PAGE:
Given how many different companies were involved in this particular crossover, it's certainly one of the most impressive ones from a legal perspective, if nothing else. It's called Cartoon All-Stars to the Rescue, an animated television special which aired on April 21, 1990, on all four major American television networks.

Our protagonist is Michael, a teenager who's recently begun experimenting with marijuana. At the beginning of the story, he steals his sister's piggy bank so that he can buy drugs, potentially the first step down a dark path towards a life of addiction. Suddenly, all his little sister's various toys, each made in the image of a different cartoon character, come to life to help teach Michael about the dangers of drug abuse. Included among these many characters are the Smurfs, Alf, Alvin and the Chipmunks, Garfield, Bugs Bunny, Winnie the Pooh, the Muppets, Slimer from Ghostbusters, Huey, Dewey and Louie from DuckTales, and Michelangelo from Teenage Mutant Ninja Turtles.

Looking back on the special with 30 years of hindsight, it's certainly a cheesy production and perhaps not well-informed, but it's also undeniably well-crafted, with top-notch animation by Wang Film Productions and original music by Alan Menken and Howard Ashman. With that much talent behind the scenes and that many iconic characters crammed into one place, if you have a single nostalgic bone in your body, you're going to feel something at some point when you're giving it a watch.

St. Elsewhere was the ultimate crossover show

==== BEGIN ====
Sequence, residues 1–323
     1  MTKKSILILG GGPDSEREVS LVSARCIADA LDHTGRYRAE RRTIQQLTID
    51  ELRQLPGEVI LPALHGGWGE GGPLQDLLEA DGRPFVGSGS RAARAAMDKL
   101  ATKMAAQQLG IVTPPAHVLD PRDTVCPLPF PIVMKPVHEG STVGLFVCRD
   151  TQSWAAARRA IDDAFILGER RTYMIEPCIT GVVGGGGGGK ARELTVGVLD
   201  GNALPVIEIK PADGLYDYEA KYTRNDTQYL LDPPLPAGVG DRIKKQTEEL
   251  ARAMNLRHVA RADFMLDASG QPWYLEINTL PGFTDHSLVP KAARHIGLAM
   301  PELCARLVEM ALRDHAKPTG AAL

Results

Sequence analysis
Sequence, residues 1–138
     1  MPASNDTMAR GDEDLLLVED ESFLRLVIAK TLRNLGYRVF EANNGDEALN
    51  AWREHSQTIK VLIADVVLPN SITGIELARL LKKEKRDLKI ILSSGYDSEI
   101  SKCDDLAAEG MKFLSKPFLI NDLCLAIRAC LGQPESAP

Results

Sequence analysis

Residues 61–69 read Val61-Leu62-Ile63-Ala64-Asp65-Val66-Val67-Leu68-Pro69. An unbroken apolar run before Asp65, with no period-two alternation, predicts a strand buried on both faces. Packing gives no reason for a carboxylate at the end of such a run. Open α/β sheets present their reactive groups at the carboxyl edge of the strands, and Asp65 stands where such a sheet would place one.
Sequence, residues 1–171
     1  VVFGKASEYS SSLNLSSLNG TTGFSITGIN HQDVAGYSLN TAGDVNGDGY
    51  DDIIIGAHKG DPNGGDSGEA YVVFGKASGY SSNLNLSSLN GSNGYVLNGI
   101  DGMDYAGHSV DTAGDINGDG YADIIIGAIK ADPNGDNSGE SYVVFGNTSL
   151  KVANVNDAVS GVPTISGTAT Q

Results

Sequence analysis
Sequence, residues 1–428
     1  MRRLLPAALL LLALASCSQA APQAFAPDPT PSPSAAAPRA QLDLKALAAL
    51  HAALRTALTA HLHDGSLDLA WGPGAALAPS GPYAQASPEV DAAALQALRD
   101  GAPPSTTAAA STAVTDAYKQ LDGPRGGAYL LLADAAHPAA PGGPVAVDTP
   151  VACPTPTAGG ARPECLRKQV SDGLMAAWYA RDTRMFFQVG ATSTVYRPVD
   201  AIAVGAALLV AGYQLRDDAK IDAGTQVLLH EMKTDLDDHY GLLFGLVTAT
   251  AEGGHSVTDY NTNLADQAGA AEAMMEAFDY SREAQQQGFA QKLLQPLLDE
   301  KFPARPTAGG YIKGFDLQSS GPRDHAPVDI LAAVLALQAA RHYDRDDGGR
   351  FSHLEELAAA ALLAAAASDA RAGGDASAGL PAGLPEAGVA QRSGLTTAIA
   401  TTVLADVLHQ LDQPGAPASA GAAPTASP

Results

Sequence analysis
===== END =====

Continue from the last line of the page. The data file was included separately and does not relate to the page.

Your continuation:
While it was still airing, St. Elsewhere was a fairly well-regarded medical drama, praised for its complex and realistic writing. Since then, however, much of it has faded from popular consciousness, with the exception of the show's truly bizarre ending, a cultural meme that will most likely be St. Elsewhere's biggest legacy in pop culture.

The final episode ends with Tommy Westphall, the son of Dr. Donald Westphall, gazing into a snow globe that contains a model of St. Elgius, the hospital that serves as the show's primary setting. We then see Tommy's father enter, dressed as a construction worker. This strange ending implies that the events of the show we just watched actually all occurred within Tommy Westphall's mind, a story that he was imagining while starting into a snow globe.

Yeah, the entire TV show was just a dream.

Sure, that's weird, but it gets weirder. You see, St. Elsewhere was involved in quite a few crossovers of the course of its six-year run, with shows such as Cheers, M*A*S*H, and Oz. Thus, one interpretation is that all of these series also exist only within Tommy Westphall's mind. If you then assume that every series that those series crossed over with are also figments of Tommy's imagination, eventually most of pop culture gets eaten up by this massive crossover blob, including shows like The Flash, The Walking Dead, It's Always Sunny in Philadelphia, Battlestar Galactica, and nearly every show on this list. Now that's one creative kid.